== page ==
Why Flex?

Why Flex?

Have you heard Mo’City’s latest album..damn I mean a mixtape…fuck I mean an EP…anyway, well have you heard it?

Unless you’re a fan of Mo’City than I guess you won’t get that reference, but that’s okay because it’s never too late to add him to your music list.

Unlike the stereotypical artist, Mo’City doesn’t rap about stuff he hasn’t experienced. Although there’s clout in rapping about the streets, Mo’City feels it would be a dishonor to his late father who lived that life. Instead, Mo’City uses his music as a way to stay connected to his father, who died years ago. His father too was a rapper, and after his passing, Mo’City picked up a pen, some paper and a mic and let the music take his mind.

He said we live in a time where everyone’s trying hard to be someone else, but to Mo'City, “it’s cool to be you.”

Mo’City said why flex about having money if he really doesn’t have it.

“If you broke you broke,” he said. According to Mo’City, he has real bills to pay, so rapping about spending $70,000 on a car just doesn’t seem logical or real. And being real is something Mo’City takes pride in.

He cares about his fans and he said it wouldn’t feel right asking them to support a fake him, so he stays as real as he can with himself and the world.

He wrote his first song at nine years old, but he doesn’t believe he became a great artist until these last couple of years. For almost two years, Mo’City deconstructed everything he was doing when it came to music and began to compare himself to those he looked up to. Through this deconstruction he mastered his craft and created the rapper he is today.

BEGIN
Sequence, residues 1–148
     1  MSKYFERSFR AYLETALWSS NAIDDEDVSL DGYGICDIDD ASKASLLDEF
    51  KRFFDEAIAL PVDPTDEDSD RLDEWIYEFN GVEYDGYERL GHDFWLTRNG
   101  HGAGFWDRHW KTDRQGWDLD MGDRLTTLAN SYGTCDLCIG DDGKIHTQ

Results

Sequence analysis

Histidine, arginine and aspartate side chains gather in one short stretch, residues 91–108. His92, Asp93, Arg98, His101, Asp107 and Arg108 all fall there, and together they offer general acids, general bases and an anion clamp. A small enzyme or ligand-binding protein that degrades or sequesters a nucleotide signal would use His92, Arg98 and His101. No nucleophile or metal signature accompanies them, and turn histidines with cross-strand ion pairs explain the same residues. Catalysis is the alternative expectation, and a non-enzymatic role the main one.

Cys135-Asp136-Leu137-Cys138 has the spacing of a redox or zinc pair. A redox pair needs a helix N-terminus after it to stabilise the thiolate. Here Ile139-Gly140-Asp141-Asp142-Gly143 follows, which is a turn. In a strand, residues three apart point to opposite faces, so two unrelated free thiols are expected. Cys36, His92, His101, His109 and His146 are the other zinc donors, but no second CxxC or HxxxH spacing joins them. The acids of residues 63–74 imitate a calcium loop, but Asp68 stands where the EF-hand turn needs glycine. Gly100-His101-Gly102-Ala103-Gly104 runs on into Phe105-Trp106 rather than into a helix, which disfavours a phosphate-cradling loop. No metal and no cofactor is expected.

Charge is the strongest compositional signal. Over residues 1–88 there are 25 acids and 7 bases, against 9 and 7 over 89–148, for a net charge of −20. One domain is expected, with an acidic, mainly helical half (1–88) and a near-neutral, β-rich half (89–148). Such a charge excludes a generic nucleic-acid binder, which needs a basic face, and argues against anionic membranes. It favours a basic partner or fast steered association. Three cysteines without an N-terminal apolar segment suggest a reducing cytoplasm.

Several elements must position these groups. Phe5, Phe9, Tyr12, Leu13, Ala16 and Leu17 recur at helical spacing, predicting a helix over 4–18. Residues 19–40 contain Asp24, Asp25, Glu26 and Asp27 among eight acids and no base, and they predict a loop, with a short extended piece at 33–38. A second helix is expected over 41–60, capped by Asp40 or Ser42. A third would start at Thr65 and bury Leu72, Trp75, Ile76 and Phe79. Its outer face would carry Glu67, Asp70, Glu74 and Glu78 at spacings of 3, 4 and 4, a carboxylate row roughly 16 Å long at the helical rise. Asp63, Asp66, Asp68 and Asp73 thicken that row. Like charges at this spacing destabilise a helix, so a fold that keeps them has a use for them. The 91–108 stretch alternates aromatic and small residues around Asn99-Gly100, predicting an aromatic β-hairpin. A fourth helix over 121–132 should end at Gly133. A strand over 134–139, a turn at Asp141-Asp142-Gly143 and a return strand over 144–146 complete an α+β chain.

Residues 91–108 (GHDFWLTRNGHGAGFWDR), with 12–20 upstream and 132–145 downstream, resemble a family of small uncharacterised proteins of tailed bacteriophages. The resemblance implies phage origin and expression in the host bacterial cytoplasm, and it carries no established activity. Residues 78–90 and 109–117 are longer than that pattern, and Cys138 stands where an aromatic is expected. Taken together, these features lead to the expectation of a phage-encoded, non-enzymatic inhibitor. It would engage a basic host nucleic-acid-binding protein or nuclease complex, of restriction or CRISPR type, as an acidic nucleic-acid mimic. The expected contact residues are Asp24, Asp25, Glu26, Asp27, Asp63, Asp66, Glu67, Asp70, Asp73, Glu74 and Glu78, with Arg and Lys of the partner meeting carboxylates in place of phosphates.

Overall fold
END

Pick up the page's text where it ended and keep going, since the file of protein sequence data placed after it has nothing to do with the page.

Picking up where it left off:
“I’ve always been a great storyteller.”

Sometimes writing a song only takes a few hours, which Mo’City calls those “God piercing moments,” but other times, a song may take weeks. Either way, Mo’City makes fire and is putting his all into his music.

"When you hear my project you’re getting a piece of my soul,” he said about his latest work P4tg.

Each track is a doorway into the mind and thoughts of a young visionary.

Through it all, Mo’City says he stays positive because negative vibes only bring bad results. And by him being so open through his music, he’s able to inspire others with his positivity.

“A lot of people talk to be heard and not to listen,” he said, so when you get some time sit down and listen to his music.

No matter how successful his music becomes he’ll always be a part-time artist and a full-time father. Mo’City has a seven-year-old daughter who he cherishes way more than his music.

He enjoys doing daddy-daughter activities such as putting her room together. He calls himself a boring rapper because he makes music and then goes home to his family.

“You find yourself [as a father] in these situations when you’re gone a lot,” he said about missing time with his daughter. “Suck it up, you gotta do this to put her in a better position in life.”

Making music is more than just a lyric, beat and a feeling, it’s Mo’City’s way to the top.

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